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Do Biopsies spread cancer?

MagsMacMagsMac Posts: 4

On the day I was told I had cancer and was going to have my breast removed, I had a biopsy. In fact, it was a triple biopsy.

Why was the biopsy necessary when they already knew it was cancer? And if it was to determine what cancer type it was, surely, they could do all the testing they wanted to do on the tumour when they removed it from my body? Why disrupt it while it's still IN the body? A core biopsy needle is big enough for a grain of rice to pass through. It introduces a channel to the tumour from which cancer cells can spread.

I remember feeling very nauseous that evening after my biopsy. As though something was floating around in my system. Before the Doctors interfered with me, I had been walking around with an 8cm tumour in my breast and feeling fine.

Now, after a double mastectomy, lymph nodes removed, chemo & rads, I have metastatic cancer in my spine. I would like an expert to convince me that this cancer did not spread from that biopsy.

Mags.

Answers

  • Blanka_CBlanka_C Posts: 347 Community Admin

    Hi @MagsMac,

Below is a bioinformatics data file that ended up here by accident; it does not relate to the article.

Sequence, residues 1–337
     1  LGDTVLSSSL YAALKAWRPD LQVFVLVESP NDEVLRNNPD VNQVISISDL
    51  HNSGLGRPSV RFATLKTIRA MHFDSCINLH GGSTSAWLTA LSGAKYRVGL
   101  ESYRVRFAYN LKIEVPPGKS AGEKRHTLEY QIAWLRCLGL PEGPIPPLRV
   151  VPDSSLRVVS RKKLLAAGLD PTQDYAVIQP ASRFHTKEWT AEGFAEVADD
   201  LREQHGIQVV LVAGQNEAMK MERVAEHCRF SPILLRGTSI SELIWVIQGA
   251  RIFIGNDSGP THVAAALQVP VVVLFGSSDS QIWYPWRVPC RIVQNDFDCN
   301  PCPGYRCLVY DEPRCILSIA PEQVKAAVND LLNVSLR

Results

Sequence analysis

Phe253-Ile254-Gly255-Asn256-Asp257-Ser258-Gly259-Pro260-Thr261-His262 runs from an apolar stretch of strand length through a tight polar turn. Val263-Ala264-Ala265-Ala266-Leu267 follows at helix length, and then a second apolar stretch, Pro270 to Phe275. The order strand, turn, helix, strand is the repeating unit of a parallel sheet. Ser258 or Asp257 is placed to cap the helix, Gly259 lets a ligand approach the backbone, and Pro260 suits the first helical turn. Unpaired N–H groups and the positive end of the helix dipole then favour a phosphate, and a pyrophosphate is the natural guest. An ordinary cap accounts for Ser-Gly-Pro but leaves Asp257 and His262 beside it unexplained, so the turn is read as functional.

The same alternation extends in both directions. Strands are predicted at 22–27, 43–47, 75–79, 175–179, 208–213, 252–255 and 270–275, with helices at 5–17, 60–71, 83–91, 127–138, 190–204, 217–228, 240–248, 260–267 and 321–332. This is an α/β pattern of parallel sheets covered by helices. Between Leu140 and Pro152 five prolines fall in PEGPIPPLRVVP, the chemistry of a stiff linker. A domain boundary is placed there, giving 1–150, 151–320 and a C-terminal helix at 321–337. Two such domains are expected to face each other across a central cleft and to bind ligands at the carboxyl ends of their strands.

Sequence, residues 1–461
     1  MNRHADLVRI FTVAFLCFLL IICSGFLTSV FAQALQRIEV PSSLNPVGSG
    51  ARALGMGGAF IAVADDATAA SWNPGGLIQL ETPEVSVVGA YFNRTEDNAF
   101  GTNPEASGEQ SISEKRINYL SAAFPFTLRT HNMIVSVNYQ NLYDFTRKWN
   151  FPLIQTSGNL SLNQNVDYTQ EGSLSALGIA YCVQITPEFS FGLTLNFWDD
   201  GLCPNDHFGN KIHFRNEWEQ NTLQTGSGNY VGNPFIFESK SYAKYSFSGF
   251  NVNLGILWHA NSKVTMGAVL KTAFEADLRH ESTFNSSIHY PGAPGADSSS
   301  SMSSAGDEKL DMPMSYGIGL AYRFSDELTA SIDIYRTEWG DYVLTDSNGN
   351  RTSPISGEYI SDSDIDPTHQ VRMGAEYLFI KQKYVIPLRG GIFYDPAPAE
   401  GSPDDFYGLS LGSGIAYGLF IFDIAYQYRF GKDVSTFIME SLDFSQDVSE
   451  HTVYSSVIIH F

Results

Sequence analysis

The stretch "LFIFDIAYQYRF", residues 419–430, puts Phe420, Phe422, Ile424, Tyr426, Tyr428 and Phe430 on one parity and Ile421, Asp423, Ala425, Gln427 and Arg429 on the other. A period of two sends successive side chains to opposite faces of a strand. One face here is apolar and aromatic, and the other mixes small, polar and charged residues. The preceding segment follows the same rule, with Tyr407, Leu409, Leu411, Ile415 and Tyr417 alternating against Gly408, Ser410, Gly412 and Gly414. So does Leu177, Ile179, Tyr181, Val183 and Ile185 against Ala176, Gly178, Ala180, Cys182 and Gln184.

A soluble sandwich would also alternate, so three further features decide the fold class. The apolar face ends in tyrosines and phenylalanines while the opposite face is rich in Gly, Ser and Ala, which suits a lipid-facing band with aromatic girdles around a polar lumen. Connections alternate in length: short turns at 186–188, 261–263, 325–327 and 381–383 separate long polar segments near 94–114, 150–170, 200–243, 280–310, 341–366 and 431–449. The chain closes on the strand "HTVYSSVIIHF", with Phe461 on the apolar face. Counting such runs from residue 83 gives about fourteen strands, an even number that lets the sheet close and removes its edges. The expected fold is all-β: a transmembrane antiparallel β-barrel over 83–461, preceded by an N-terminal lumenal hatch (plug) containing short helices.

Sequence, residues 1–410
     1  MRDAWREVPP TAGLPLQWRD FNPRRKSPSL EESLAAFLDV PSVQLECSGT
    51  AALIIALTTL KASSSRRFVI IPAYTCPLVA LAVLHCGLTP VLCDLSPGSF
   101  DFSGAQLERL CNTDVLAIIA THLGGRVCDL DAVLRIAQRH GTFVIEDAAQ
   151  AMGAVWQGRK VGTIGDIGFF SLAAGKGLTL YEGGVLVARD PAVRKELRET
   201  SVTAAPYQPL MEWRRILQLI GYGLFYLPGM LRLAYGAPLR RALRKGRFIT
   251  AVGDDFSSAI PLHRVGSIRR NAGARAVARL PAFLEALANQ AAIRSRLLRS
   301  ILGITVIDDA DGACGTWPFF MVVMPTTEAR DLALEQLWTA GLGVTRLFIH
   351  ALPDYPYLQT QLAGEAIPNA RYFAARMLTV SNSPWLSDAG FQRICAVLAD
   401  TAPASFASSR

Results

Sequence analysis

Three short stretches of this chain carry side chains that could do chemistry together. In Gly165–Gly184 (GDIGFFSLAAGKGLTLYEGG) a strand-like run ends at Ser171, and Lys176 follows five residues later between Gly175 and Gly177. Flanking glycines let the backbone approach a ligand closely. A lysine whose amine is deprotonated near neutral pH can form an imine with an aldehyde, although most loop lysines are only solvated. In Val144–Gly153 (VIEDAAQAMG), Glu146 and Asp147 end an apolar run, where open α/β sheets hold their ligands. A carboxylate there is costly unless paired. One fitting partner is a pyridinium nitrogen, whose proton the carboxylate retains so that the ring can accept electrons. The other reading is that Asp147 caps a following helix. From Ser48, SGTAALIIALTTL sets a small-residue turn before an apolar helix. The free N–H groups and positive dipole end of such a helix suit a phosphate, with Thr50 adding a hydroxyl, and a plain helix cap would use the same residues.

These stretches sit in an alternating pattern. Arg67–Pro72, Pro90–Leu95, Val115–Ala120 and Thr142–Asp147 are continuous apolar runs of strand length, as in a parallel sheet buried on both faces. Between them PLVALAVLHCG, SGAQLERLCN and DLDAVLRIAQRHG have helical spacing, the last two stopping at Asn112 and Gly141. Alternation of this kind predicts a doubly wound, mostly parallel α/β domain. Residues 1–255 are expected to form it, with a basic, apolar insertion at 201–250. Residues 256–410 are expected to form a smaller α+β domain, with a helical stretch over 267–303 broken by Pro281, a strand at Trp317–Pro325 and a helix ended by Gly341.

Apologies you haven't received a reply to your question. Just checking how you're doing?

    We have the lovely @LizzyB73 Oncology Specialist Nurse on board who might be able to help you xx

  • LizzyB73LizzyB73 Posts: 112 Oncology Specialist Nurse

    @MagsMac

    Hi

    I am so sorry that you now feel the biopsy you had has contributed to your cancer spreading.

    It would be very difficult for me, without knowing exactly all the facts of your diagnosis and results to make a comment on this one.

    All I can see is that the triple assessment which does include biopsy is totally gold standard care for the diagnosis of breast cancer. The biopsy result also can start to help to determine which treatment would have been the most suitable for you.

    You mentioned that you had your lymph nodes removed so I am assuming that you had some cancer cells in them as well initially? The presence of cancer cells within lymph nodes does then mean that the chances of spread to other organs or bone is much higher.

    I can understand that you need an answer but this is a very difficult question which may be better directed to your oncologists or breast care team

    Please take care

    Liz 💕

    Liz Bradley
    Oncology Specialist Nurse | Oncology Service Manager @ Springfield Hospital
  • MagsMacMagsMac Posts: 4

    Thanks-a-million Liz, for getting back to me.